SJW: Being the new kid

Amplify your voice


Nashaika Joseph

PRINCIPLES SET: Carl Thelusma said his favorite quote is, “for I know the plans I have for you,” says the Lord. “They are plans for good and not for disaster, but to give you a future and a hope,” Jeremiah 29:11.

Nashaika Joseph, Staff Writer

Sometimes young people believe that studying in a different country is a privilege because they are able to experience other cultures, and learn from them but sometimes that’s not the picture that’s always being painted.

Carl Thelusma is a Senior in the Medical Academy at Inlet Grove. Carl was born in a different country (Port au Prince, Haiti) and came to America at a young age, although Carl says he doesn’t remember much as far as getting on a plane to America or knowing the initial reason for moving to America, what he does remember is the impact the states had on him and how his life changed to being the new kid in town.

“To be honest with you, I wasn’t aware at all that I was moving. Like any other kid, you think that you’re going on a quick trip with your parents, but I guess that wasn’t the case for me. But when I actually got here and realized we were here to stay I was pretty nervous and shy because I didn’t know anything or anyone here,” said Thelusma.

Many international students have to learn a new language to study and adapt that to a whole style of living.

“The main thing I can say that was hard was learning English and having to go to school and perform at a certain level. It was hard, I’m a kid from a third-world country. I don’t know anything, I was afraid of being teased and bullied.”

Like Carl, kids from different countries coming to America always have a tricky start but it’s that one helping hand that can turn a tricky start to smooth sailing.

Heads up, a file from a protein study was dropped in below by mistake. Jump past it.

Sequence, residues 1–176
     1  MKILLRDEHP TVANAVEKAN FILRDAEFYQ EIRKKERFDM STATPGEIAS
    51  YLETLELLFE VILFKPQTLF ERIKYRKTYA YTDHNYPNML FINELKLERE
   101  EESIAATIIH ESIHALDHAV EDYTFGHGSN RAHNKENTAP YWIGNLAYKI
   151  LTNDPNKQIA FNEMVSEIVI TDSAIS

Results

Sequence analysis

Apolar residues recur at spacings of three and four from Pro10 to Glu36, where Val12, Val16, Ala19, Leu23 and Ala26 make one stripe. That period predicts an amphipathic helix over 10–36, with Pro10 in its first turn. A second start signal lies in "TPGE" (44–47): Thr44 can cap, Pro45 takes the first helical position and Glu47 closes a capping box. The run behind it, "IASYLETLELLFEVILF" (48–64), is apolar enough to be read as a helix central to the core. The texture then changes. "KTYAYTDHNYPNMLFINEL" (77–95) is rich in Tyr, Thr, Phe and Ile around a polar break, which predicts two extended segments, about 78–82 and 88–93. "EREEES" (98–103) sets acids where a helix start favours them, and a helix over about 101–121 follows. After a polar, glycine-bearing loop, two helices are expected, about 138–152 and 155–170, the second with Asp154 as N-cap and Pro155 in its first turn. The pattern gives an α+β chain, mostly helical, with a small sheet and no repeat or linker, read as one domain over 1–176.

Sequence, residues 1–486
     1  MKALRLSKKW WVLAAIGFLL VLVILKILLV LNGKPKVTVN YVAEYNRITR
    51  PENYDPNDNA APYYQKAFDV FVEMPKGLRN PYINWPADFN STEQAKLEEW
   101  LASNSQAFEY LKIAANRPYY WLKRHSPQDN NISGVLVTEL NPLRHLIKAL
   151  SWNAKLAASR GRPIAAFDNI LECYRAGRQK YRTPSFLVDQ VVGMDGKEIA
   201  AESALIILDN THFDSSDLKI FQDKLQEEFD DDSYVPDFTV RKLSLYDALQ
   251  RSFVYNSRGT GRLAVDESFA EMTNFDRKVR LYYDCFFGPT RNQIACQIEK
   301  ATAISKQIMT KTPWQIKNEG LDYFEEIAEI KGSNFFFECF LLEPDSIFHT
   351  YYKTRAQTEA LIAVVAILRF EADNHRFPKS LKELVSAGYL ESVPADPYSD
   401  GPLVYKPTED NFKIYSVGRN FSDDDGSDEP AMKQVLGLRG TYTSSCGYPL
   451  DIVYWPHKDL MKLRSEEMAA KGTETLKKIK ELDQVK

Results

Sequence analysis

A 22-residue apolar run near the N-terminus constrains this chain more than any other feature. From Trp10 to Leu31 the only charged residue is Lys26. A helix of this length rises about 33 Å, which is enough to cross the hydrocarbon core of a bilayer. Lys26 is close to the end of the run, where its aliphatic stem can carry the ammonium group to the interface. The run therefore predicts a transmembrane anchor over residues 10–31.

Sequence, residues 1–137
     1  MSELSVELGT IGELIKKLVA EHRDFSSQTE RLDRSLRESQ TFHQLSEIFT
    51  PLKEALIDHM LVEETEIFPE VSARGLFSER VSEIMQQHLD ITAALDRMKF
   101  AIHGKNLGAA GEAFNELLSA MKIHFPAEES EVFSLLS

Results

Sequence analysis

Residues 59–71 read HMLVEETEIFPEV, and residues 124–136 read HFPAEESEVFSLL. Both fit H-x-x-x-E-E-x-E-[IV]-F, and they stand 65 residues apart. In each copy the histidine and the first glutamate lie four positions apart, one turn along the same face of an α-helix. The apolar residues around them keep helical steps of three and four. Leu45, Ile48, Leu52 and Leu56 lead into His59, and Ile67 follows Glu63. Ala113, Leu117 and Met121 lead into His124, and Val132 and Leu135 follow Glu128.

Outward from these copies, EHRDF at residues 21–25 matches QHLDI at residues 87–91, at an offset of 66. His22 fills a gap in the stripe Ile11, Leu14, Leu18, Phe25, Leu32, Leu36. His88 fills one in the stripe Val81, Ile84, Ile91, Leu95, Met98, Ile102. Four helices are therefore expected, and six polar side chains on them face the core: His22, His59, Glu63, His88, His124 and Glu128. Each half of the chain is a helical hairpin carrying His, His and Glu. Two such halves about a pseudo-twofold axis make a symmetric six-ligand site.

“I just want to fit in. Even in Haiti, there are cliques in every turn, you are either too poor to be in one group or the other one is just too violent. I also wanted to have a chance to become a pro football player, I love football. I even played it back in Haiti. It’s not till I got here that I realized people were so helpful and wanted me to succeed more than I believed it”.

Students often feel as though they can’t talk about their differences because of the fear of being picked on or not being able to assimilate to the American lifestyle.

Ms.Banks said, “Students from different backgrounds are a beautiful thing. They show you things you have never even thought of. They bring something to share with you that is important to them, we show each other our culture and we relate, we amaze each other with things from our upbringing and inspire and captivate ideas to turn them into something grand.”

International students and different cultures are what keep our world going. Never be afraid, dare to inspire and share your thoughts and opinions.

Thelusma said, “If you’re a student like me don’t be afraid, it’ll be okay. Times will be hard but I promise there’s a brighter side to everything, don’t be scared to make mistakes they will happen, just embrace it. No matter if you feel alone there will always be someone here and willing to help you, be you and use your voice”.